The White House communications operation has expended considerable effort over the past week to portray President Obama as serious about dealing with debt and deficits. Most of their scrambling came after House Budget chairman Paul Ryan presented a 2012 budget blueprint that included significant entitlement reform proposals. A White House statement noted the president “strongly disagrees” with many of the particulars of Ryan’s plan, and so today the president is presenting his own ideas.
At a press conference on February 15, the day after the president released the first version of his budget, Obama defended his 2012 budget proposal and deflected criticism that his unwillingness to tackle entitlement reform demonstrated a lack of leadership. The president cannot solve these problems on his own, Obama argued. “We're going to have to have a spirit of cooperation between Democrats and Republicans. And I think that's possible. I think that's what the American people are looking for.”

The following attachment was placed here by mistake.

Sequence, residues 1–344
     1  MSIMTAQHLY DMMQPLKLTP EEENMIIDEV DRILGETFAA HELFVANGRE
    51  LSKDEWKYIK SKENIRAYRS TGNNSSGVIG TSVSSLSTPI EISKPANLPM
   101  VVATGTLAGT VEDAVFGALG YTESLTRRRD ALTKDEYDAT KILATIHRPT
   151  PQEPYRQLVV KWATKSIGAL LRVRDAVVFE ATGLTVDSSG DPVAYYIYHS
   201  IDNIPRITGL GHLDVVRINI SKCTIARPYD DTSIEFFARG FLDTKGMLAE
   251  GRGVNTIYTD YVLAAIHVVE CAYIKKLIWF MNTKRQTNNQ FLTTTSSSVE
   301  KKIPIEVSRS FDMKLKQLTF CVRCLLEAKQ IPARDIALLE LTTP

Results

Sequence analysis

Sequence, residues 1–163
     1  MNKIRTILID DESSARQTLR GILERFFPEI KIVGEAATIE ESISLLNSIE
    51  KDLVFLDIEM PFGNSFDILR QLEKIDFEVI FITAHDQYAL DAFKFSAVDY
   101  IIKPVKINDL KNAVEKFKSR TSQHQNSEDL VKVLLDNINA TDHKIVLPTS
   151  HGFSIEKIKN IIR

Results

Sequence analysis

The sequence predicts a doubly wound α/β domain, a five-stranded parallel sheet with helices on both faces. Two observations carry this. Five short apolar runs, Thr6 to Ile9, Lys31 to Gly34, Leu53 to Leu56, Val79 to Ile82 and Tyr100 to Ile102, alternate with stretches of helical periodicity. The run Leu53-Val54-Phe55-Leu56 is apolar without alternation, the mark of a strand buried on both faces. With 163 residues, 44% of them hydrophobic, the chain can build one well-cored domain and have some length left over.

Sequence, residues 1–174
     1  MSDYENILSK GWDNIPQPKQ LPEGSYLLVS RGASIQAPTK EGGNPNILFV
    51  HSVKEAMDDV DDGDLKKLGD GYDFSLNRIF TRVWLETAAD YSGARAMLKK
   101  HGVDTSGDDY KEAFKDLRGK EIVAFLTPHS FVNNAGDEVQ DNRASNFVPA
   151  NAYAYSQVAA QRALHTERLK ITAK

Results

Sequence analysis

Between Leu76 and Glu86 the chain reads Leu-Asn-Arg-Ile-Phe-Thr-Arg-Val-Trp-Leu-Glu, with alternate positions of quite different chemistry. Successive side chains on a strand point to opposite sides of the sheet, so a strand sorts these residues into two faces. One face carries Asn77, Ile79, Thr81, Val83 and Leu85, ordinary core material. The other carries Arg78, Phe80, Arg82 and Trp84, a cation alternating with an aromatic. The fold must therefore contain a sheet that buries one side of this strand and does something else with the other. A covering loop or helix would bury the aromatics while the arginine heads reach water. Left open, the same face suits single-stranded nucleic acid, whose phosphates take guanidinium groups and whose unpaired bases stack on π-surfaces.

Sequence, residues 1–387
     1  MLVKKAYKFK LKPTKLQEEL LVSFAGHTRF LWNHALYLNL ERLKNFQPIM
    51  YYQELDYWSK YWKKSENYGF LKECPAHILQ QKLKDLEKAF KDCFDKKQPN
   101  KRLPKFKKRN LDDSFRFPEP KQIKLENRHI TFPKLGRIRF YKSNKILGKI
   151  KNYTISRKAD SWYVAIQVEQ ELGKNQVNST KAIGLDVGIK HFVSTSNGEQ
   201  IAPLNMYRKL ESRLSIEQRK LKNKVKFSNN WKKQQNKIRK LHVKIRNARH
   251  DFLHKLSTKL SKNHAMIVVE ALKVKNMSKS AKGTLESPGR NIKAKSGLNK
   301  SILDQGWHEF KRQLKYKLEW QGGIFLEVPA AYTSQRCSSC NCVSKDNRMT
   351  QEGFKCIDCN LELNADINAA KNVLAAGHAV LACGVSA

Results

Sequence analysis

Obama cited the recommendations of his deficit commission and noted that not all of its participants signed on to the final recommendations. And Obama promised to reach out to one of them – the Republican point man on entitlement reform, Paul Ryan. “What's also true is, for example, is, is that the chairman of the House Republican budgeteers didn't sign on. He's got a little bit of juice when it comes to trying to get an eventual budget done, so he's got concerns. So I'm going to have to have a conversation with him, what would he like to see happen.”
If the president were truly interested in a “spirit of cooperation,” such a conversation would seem a logical place to start. After all, Ryan has spent the better part of the past decade studying America’s fiscal health and more than anyone in Congress has proposed serious solutions to avert the coming debt crisis.
So how did their conversation go?
It never happened. A spokesman for Ryan confirms that there has been no call since the president said he would reach out on February 15.
If that’s a sign of Obama’s commitment to a “spirit of cooperation,” it’s not a good one.